Wide-mouth Glass or Plastic Jars  The 48-oz wide-mouth Miracle Whip or Mayonnaise jars are one of my favorites.  The wide mouth makes them easy to fill and easy to access.  I like to store spaghetti or angel hair pasta in them.  I wash the jar and lid, removing the label and the cardboard 'gasket' under the lid.  Make sure the jar is very dry, then break the pasta strands in half and put them in the jar.  I realize 'breaking pasta' is a no-no in some circles, but I need to cook so little at a time for just Yeoldfurt and me that I usually only boil water in a 2 quart sauce pan.  I end up having to break the pasta to fit it into the pan anyway, so I might as well store it that way.  But I like these jars because they are made of thick food-grade plastic with good memory (holds its shape), and they are flat on the sides so they can be stored upright or laid flat. 

Plastic Gallon Milk Jugs with Screw Tops  Most people buy milk in plastic jugs these days.  Whether you buy quart or gallon jugs, try to buy only jugs that have screw, not snap on, lids. It only takes a little pressure to pop the top on a snap on lid and there's nothing worse than having something you went to all the trouble to store get wasted because a lid pops off.  Even if you just store water in the jug, in a SHTF situation, water will be as precious as anything else you've stored.  If you have two jugs, one with a screw top and one with a snap on lid, and you just tip them both over ...the one with the snap on lid will usually come open.  If you laid it very carefully on it's side, it might hold for a little while, but eventually it will leak from the sheer water pressure against it.  The screw lid will hold as long as the jug itself holds.  They're the same price, so buy the one with the screw top because that suits your repurpose need better.

Industrial Buckets for Food Items   A lot of the supplements we buy for the horses come in 10 or 20 or 30 pound pails.  These buckets are heavy food-grade plastic with bales strong enough to support the weight of product in the bucket and lids that usually have real gaskets in them.  We've used them for years to tote supplies or food that did not require ice when we were camping.  The empty buckets are a good size for a stool when you're out camping too.  Now that we're prepping, they make great 'outer wrap' for food items we want to store long term.  The key to using them for storage is good labeling.  I like a label on the side AND on the lid.  If we store several things in one bucket, Yeoldfurt lists them on the labels.   Then if we use an item out of the bucket, he crosses it off.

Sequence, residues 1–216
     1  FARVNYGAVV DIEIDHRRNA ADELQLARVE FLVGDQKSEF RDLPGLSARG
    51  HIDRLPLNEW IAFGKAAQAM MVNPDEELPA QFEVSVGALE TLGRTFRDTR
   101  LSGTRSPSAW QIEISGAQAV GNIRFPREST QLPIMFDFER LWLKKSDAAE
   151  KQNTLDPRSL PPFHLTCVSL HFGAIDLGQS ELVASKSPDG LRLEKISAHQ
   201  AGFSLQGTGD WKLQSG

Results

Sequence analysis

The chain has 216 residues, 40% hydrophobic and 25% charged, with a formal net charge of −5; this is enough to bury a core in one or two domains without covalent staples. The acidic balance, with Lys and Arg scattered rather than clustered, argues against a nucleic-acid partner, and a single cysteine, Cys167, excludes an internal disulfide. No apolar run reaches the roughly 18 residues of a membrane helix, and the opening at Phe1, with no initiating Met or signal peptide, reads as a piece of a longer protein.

Industrial Buckets for Non-Food Items  All of the home improvement stores and most of the department store that have a paint section sell empty paint buckets with gasketed lids.  These buckets are not necessarily food-grade plastic but they are extremely sturdy, are rodent and bug-proof and have an air-tight seals.  So they would be good for storing nonfood items such as medical or cleaning supplies.  They also make great pots for planting tuber type vegetables such as onions, carrots, potatoes.  If you use them to grow food, you will need to create drainage.  So punch three drain holes in side walls, as close to the bottom as you can get.  Then line the bottom with two or three inches of rock or gravel before filling with dirt.